Genentech used its investor meeting to retaliate against criticisms made by Roche, saying it will debate its financial model “anywhere, anytime with anyone”.
Those words were said by Art Levinson, CEO of Genentech, who, along with other executives, gave a thorough defence of the biotech’s belief it is worth more than Roche offered.
Levinson and other Genentech executives said they personally stood behind the financial model and were confident putting the company’s financial credibility on the line.
A comprehensive overview of why Genentech is in a strong position, for both the short and long term, was given, as were the perceived flaws in Roche’s disagreements with the November financial model.
David Ebersman, chief financial officer, defended Genentech’s adoption of the November financial model, which Roche had alleged was created “to increase the $89 per share proposal”.
Ebersman said the model was created because the 2007 long range plan was out of date and stressed that there was “a good rational behind every change made”. Providing extra financial information because of the situation with Roche Ebersman ran through the model’s assumptions.
Some of these detracted value from the predictions made in the 2007 plan, with the November model adding a net total of $900m in sales by 2015, an increase of six per cent.
The reasoning behind these changes was explained to Roche but this failed to convince the Swiss firm. Ebersman expressed disappointment at this, saying that Genentech’s arguments were “very compelling”.
Genentech plays pipeline top trumps
Ian Clark, executive vice president, commercial, highlighted the strength of Genentech’s Phase III pipeline, with 15 sets of results expected in 2009.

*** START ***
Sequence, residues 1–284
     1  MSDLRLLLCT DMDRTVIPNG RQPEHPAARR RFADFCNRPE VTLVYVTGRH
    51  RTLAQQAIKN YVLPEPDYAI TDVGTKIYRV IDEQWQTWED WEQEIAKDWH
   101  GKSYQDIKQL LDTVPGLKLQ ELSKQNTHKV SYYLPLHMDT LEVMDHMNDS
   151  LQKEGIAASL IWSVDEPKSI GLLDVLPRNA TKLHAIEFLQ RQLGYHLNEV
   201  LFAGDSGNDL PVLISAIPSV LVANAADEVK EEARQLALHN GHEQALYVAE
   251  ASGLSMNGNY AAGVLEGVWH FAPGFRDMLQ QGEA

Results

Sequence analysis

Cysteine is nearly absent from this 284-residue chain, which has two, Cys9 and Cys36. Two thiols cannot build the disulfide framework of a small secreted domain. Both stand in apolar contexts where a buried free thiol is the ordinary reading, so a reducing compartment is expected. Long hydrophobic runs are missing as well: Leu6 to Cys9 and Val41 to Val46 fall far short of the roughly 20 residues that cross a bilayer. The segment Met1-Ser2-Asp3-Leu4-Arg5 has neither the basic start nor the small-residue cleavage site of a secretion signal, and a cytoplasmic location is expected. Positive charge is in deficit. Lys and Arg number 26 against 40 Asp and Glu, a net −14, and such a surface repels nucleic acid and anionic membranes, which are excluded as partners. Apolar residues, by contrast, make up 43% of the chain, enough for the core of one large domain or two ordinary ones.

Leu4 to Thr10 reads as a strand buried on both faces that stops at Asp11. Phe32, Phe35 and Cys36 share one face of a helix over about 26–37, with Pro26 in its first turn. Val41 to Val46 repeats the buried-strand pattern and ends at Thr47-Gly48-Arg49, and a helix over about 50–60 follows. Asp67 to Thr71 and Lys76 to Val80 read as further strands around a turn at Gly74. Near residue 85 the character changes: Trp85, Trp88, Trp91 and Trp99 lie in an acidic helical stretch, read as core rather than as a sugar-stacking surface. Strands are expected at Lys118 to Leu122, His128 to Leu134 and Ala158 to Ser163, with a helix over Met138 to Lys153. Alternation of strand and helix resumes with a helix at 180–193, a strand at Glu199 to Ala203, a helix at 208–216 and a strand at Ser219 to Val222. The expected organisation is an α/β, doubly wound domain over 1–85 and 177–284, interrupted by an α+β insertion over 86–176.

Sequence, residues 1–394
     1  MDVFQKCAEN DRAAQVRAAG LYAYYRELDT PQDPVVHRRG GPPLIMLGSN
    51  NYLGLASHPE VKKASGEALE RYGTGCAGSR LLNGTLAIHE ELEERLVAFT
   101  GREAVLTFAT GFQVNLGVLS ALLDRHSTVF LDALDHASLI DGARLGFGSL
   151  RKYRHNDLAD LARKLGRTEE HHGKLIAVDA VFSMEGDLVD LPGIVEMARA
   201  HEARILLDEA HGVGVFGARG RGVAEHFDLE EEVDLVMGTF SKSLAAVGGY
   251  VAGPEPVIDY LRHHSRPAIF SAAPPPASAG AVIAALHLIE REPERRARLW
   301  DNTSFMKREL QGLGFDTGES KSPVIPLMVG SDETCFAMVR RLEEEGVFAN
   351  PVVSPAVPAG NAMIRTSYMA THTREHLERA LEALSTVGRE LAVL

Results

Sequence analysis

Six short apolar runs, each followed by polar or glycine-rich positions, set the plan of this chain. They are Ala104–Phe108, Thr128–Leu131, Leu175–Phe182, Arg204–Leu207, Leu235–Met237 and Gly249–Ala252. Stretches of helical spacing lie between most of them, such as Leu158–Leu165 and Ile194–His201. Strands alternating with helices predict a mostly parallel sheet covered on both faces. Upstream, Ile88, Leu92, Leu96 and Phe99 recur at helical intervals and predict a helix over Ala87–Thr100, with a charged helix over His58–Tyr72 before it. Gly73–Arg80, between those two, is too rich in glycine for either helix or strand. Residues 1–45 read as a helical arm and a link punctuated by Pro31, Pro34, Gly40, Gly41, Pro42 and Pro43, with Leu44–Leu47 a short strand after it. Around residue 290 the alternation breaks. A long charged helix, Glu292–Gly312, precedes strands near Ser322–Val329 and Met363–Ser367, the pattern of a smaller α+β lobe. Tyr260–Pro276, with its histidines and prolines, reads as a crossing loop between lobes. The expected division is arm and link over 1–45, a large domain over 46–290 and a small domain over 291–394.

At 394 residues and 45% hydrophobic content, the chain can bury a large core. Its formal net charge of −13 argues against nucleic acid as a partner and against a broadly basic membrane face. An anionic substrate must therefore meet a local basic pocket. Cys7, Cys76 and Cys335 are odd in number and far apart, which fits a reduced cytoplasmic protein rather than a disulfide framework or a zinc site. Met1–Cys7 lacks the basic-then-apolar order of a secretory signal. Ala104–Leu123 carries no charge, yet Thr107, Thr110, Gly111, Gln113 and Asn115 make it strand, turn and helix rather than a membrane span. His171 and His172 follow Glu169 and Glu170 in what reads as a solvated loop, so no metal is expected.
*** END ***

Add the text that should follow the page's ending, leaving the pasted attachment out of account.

This includes the eagerly anticipated Avastin results, which are due in April and if positive could send Genentech’s stock soaring. The biotech is “cautiously optimistic” the results will be positive, citing its understanding of the underlying science to support this belief.
Genentech believes that metastatic use of Avastin will be worth $4.1bn (€3.2bn) by 2015, although this could be as high as $5.1bn if all trials are successful. In addition, Avastin as an adjuvant is anticipated to generate $2.6bn by 2015 but again this could be as high as $5.1bn.
Avastin is supported by other potential blockbusters that Genentech highlighted and a strong long term pipeline, with the company expecting to file 89 investigational new drug applications between 2011 and 2020.
However, the Genentech saved its strongest assertions of its value to Roche until the end, resulting in laughter and applause among the crowd.
First Ebersman showed a slide of Roche’s pipeline from Phase II through to ongoing regulatory review. He then highlighted the Genentech developed drugs and removed these, leaving a strikingly empty slide, with 73 per cent of the drugs removed.
The final summation was made by Levinson, who showed that 66 per cent of Roche’s sales last year were Genentech derived, with this rising from 21 per cent in 2000.